Mark A. LeVine (UC Irvine History Professor) - 4/21/2006

you're missing the point. the vast majority of academia and profs, even in social sciences and humanities, are not spouting marxist BS. you're accepting horowitz's argument when in fact, like most everything else he says, it's simply wrong. on the other hand, to the extent that marx is taught, he SHOULD be taught. bc he's one of the most important thinkers of the last few hundred years. we may not agree with much of his writing, but that doesn't mean we don't teach him, otherwise, why teach hegel, who thought africans had no history. but without hegel, there's no neocons, so perhaps you'd agree to keep him?

Mark A. LeVine (UC Irvine History Professor) - 4/21/2006

well thanks for the comments. however, i wasn't surprised, but felt it was worth pointing out to others how baseless his charges are, and precisely the point that it doesn't matter if they're true, only how often they're repeated (see my previous posting that reviewed the book) for more on this.

adam richard schrepfer - 4/20/2006


Horowitz is reckless and mistaken on many points, but he is NOT the mythical thought police. He wants something akin to your experience with the Marxist English professor and the Harvard-Educated man. You had both and you were able to see the difference. One of the problems for students is that they see far toooo many of the former rather than the later.

Sounds like professor Sherry delivered a wonderful lecture, and he ably showed that the US could not have won the war. Good job, but you act like this is a done deal. Over finished. Students would be richer though if they ALSO heard arguments from people like Lewis Sorley or more middle of the road authors like Michael Lind.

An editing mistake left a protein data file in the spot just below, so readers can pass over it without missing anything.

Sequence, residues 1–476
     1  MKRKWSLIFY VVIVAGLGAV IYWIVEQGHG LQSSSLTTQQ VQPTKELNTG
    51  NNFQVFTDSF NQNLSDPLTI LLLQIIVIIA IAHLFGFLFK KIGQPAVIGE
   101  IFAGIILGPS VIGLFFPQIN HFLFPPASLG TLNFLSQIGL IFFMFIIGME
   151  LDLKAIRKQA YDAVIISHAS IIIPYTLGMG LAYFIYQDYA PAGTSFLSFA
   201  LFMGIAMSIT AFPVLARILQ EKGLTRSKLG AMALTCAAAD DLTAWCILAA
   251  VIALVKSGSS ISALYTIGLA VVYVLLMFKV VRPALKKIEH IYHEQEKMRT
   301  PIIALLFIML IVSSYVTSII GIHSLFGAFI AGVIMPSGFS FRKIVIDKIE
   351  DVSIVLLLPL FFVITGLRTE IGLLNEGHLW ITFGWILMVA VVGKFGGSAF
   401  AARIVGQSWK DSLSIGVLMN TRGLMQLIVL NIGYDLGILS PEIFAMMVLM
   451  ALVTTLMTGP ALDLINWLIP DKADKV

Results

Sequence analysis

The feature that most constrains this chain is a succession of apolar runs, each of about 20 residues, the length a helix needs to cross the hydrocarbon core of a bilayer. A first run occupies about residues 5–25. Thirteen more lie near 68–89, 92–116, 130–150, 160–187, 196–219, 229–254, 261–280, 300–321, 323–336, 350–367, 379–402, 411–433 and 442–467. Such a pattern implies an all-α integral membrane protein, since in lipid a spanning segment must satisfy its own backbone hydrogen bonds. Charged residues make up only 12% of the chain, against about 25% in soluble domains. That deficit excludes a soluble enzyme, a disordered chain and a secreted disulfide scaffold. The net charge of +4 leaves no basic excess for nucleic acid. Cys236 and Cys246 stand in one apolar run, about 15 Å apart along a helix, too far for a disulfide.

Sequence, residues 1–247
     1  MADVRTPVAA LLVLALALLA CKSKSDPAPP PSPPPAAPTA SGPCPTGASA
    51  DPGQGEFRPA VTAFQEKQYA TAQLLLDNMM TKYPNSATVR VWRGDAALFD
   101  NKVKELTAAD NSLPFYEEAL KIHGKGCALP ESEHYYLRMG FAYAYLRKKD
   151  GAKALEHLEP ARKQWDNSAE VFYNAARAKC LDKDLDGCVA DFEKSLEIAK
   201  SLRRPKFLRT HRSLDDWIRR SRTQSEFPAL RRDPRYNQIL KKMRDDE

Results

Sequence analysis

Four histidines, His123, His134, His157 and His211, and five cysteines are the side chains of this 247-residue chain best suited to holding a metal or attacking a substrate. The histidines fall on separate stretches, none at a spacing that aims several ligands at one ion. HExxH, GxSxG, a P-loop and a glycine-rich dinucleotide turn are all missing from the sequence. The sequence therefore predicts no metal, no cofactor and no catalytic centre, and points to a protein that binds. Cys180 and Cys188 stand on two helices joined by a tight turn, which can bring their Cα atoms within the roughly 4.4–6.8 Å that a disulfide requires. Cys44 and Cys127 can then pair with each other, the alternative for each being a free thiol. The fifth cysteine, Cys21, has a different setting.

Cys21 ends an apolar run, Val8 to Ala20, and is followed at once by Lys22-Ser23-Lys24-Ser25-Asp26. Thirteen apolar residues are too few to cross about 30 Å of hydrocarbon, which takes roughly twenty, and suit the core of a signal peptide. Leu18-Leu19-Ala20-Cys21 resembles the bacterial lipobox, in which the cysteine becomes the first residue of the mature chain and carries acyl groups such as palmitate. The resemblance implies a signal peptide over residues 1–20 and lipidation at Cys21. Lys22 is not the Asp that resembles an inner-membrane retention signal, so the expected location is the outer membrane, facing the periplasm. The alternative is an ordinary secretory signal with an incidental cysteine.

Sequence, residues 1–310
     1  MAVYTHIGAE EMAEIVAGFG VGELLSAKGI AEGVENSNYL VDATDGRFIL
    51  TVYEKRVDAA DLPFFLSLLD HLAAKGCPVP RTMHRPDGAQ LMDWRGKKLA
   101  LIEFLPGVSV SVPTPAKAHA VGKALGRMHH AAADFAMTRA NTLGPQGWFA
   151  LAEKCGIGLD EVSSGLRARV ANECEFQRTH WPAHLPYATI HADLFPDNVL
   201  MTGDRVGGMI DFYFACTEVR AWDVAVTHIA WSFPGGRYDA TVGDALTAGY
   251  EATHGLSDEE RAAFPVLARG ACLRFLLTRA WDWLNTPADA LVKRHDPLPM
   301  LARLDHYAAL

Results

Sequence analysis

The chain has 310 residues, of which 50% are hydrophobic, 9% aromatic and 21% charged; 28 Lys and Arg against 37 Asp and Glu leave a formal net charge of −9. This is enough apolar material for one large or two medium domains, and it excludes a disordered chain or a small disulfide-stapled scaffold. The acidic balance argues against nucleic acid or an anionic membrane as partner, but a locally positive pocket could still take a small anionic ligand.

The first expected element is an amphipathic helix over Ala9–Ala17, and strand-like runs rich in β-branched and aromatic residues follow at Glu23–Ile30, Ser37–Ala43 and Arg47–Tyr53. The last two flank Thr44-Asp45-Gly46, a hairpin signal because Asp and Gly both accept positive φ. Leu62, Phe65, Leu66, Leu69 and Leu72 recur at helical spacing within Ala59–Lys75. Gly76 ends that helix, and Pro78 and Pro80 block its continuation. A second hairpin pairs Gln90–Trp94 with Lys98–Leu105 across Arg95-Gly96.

I would never ask for professors to check their opinions at the door, just as I would not ask a U.S. President to forget about his personal faith. I would however ask that the President keep his religious opinions in check or in reserve, just as I would hope that professors would not Preach to me their blah blah blahh neo-con or marxist line of thinking.

Lisa Kazmier - 4/20/2006

How did I just make your point? You didn't exactly explain "balance" and what you mean by "the other side of the story". One of the most brilliant lectures I heard as an undergraduate was on American history by Professor Michael Sherry. It was on the unwinnable nature of the Vietnam War, called "The Impotence of Omnipotence."

To someone like Horowitz, that isn't "fair and balanced" because Sherry isn't telling you how the Pentagon coulda/shoulda won, whereas Sherry ably showed that didn't and wasn't going to happen. Every ROTC considered himself a historian that day and Sherry was the same guy who lectured about Radical Reconstruction, among other things. All of a sudden he was insane because they thought they knew something. Well, that was their delusion. And I think it's the same delusion that Horowitz and others are using in thinking they can be the thought police here. Simple as that.

N. Friedman - 4/20/2006

I am glad you do not like 1 either.

N. Friedman - 4/20/2006


There is a difference between hate based opinion and accurate reporting. I agree.

However, sometime accurate reporting requires reporting that some people really do have loathsome ideas. The issue here is that there are opinions, other than those in, say, The New York Times (e.g. Bawer's), which are not hate driven but which report on those driven by hate. And that needs to be reported on, just as the Nazis needed to be reported on - setting forth what they actually believed and were doing - in the early 1930's.